The Barraquer Foundation carries out a medical expedition to Ecuador
Ricardo came to the Barraquer Ophthalmology Centre for the first time in 1964. At that time, he was living outside Spain. He came from Andorra where he was working a finance director. His youth—he was 25—and his personal situation brought him to what he considered to be the top ophthalmology centre. He had some discomfort in his right eye. It was like he could perceive a shadow that stopped him from seeing properly, a minor problem that went away over time. After that visit, Ricardo really didn't expect that he’d be back at the Barraquer Centre again and that he’d be operated on there 55 years later.
The years went by and that young man got married, he had a family and a desire for a better life along with his family concerns took him far away from his homeland. Ricardo and his family lived in Florence, New York, Mexico, Miami and Las Vegas. Over that time, he had some eye issues and he saw ophthalmologists who, when he mentioned that he was from Barcelona, always said that the Barraquer Ophthalmology Centre was world-renowned institution.
After 40 years he returned to Barcelona, and from there he went to live in Sant Carlos de la Rápita, a city located in the Ebro Delta National Park (Tarragona). When he started to feel discomfort in his eyes once again, he saw a doctor who told him that there was no cure for his problem. At that point, he remembered his first visit to the Barraquer Centre and he went back to find a solution. In his words:
“It is the best place for curing eye problems and they perform miracles”.
When we asked him about the changes he'd seen after so many years, he explained that the only thing that changed at the Centre, is that the equipment is now more sophisticated, the technology is different, and everything is typed up on computers, but the patient treatment continues to be exceptional.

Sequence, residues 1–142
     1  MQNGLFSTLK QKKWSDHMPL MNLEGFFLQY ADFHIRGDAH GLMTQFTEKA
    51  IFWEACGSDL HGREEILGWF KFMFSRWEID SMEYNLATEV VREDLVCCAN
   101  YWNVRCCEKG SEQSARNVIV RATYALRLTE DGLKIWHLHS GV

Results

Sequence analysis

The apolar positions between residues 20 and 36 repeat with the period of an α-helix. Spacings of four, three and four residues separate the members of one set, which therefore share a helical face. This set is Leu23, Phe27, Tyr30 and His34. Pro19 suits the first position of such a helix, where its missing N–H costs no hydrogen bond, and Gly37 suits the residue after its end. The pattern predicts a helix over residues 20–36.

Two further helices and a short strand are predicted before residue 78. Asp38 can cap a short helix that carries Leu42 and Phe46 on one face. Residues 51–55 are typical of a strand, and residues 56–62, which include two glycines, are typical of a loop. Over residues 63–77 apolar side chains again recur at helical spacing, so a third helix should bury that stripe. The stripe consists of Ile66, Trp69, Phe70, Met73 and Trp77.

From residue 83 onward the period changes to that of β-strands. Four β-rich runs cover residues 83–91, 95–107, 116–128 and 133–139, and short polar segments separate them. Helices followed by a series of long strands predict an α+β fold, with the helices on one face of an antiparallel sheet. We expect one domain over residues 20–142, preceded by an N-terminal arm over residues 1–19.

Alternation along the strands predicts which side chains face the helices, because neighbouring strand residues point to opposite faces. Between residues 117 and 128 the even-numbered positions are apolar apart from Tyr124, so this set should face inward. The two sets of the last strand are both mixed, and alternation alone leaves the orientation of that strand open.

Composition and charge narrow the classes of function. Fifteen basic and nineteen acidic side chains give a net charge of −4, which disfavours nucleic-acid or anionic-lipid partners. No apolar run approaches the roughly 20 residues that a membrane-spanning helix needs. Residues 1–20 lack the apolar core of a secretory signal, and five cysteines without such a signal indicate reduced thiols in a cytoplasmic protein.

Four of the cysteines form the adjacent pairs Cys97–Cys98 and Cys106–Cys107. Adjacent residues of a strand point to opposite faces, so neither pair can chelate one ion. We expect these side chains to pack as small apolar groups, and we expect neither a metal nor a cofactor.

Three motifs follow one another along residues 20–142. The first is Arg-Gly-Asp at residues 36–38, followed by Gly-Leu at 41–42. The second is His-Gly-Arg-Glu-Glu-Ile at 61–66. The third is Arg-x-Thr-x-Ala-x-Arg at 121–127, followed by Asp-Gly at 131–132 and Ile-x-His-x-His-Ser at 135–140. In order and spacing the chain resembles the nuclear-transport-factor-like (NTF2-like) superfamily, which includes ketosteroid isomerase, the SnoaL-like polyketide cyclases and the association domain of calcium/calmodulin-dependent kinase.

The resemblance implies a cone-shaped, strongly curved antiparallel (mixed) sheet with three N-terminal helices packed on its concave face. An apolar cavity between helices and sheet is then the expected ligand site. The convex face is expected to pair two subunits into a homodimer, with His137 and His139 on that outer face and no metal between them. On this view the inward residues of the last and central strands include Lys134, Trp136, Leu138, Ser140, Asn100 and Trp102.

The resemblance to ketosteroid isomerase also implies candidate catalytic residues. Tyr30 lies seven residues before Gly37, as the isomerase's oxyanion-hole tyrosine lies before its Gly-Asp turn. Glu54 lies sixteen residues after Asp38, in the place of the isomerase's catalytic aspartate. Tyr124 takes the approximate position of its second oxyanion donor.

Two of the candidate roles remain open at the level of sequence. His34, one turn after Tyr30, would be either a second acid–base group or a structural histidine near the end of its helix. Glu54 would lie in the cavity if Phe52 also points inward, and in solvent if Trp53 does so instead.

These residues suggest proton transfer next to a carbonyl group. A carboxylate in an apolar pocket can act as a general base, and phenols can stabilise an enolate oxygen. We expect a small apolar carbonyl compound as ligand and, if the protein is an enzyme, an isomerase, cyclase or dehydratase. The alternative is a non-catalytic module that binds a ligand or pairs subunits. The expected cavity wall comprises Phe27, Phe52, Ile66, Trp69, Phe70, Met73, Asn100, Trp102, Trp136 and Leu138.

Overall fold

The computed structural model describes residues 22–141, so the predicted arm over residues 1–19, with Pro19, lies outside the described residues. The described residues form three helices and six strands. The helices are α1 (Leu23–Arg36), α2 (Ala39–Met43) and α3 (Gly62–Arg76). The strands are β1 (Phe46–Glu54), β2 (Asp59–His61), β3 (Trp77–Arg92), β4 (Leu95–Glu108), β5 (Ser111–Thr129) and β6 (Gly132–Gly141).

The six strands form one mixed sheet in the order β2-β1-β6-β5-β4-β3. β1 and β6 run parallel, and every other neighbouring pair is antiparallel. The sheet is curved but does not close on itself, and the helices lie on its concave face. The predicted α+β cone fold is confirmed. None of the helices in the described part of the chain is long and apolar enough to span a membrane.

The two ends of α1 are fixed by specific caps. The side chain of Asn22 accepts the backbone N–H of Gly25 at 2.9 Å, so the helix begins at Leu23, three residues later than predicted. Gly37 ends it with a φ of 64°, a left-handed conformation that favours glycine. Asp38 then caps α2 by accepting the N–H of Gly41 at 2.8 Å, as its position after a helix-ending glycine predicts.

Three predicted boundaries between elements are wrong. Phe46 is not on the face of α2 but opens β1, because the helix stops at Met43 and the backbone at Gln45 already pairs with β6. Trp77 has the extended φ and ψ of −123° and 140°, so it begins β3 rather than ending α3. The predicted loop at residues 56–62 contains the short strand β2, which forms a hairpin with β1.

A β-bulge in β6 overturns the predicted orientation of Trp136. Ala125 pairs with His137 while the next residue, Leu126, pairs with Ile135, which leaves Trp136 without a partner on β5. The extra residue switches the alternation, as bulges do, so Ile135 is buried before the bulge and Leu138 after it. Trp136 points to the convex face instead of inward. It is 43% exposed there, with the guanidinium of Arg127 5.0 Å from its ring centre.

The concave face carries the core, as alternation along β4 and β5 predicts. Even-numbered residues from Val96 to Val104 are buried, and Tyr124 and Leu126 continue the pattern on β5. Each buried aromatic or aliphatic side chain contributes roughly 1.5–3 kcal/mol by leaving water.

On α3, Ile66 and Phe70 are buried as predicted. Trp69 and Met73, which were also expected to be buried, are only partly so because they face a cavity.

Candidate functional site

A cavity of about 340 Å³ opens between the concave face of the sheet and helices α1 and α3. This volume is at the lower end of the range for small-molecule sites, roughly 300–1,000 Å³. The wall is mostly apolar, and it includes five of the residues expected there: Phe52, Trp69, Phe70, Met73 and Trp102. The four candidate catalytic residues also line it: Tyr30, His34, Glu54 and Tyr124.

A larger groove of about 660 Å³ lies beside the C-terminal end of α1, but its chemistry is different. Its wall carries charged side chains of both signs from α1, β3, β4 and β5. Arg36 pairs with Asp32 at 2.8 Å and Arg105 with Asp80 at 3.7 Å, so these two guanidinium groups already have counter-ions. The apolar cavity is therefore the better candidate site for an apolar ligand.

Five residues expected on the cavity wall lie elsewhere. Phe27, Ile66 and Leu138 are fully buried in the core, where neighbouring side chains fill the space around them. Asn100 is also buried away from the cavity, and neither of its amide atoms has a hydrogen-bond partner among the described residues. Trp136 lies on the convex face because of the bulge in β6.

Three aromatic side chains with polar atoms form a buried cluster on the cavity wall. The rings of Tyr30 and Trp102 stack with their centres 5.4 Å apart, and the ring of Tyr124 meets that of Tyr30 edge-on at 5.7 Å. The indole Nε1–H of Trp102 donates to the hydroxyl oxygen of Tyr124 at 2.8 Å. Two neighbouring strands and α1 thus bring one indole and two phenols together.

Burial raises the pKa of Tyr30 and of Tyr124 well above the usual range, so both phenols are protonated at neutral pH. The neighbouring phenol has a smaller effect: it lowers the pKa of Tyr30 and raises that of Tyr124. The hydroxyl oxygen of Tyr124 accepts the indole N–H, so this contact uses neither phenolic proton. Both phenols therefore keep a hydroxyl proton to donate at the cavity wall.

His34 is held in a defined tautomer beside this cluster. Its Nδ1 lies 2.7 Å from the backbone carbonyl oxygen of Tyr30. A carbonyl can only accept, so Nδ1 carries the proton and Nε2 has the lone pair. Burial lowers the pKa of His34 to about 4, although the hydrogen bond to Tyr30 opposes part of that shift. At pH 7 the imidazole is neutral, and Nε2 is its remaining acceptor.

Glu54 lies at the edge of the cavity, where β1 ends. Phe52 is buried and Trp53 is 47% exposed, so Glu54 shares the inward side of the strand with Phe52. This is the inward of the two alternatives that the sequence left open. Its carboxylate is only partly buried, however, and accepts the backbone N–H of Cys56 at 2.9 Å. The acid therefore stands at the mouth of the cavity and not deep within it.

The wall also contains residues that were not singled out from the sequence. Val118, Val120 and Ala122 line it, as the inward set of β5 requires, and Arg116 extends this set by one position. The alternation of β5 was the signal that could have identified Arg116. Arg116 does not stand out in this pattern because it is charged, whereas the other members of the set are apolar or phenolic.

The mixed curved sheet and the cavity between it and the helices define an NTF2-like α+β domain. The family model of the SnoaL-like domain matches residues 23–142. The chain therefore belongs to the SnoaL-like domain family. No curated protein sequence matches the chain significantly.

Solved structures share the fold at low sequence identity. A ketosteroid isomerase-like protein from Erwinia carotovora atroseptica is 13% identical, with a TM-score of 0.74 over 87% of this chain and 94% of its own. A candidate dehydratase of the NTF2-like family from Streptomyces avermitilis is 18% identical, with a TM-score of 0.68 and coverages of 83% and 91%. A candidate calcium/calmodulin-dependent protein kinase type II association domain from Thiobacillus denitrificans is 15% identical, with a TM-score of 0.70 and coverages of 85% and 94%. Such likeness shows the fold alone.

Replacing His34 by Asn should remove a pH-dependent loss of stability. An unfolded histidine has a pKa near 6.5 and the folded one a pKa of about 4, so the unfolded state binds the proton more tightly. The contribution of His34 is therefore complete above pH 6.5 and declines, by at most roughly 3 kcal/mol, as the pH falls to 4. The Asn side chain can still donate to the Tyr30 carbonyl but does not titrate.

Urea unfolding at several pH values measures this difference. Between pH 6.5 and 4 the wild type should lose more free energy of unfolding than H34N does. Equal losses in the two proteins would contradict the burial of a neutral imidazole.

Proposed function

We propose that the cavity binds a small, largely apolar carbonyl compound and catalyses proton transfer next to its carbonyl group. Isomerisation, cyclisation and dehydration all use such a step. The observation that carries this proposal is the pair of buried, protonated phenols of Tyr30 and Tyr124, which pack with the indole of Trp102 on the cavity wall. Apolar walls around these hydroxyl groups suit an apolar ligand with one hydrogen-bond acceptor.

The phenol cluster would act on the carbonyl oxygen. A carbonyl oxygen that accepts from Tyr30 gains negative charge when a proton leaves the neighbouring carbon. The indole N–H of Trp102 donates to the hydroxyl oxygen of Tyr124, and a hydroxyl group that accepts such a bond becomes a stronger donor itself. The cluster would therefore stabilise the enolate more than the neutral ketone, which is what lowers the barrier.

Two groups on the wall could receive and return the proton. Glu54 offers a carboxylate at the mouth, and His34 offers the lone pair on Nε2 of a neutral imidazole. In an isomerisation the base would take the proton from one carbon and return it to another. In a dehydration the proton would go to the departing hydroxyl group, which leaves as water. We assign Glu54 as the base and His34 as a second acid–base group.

Doctors Dr. Abengoechea, Dr. Canut and Dr. Sanjuán took care of his case and operated on him successfully. Ricardo has recovered the majority of his lost eyesight. He says that “he can now see a thousand times better than he could before being operated on”, which has increased his independence. He told us that his dealings with the ophthalmologists were exceptional, not just in medical terms but also at a human level. They explained clearly all the steps to follow at all times until treatment ended.
He also remembers, with profound appreciation, the medical secretaries that accompanied him on his visits to the doctors, the internal medicine doctor, Dr. Rey, who visited him before the operation, the nurses who cared for him while he was admitted and helped him when the bandages prevented him from seeing, the optometrists who prescribed his new glasses, the receptionists and administrative staff who ushered him around while he was at the Centre and the Foundation team who gave him the chance to benefit from their financial aid and acquire new prescription glasses, thanks to the new agreement made with General Óptica. He categorically states that he has nothing but positive comments for everyone and highlights, above all, the Centre’s “level of excellence”.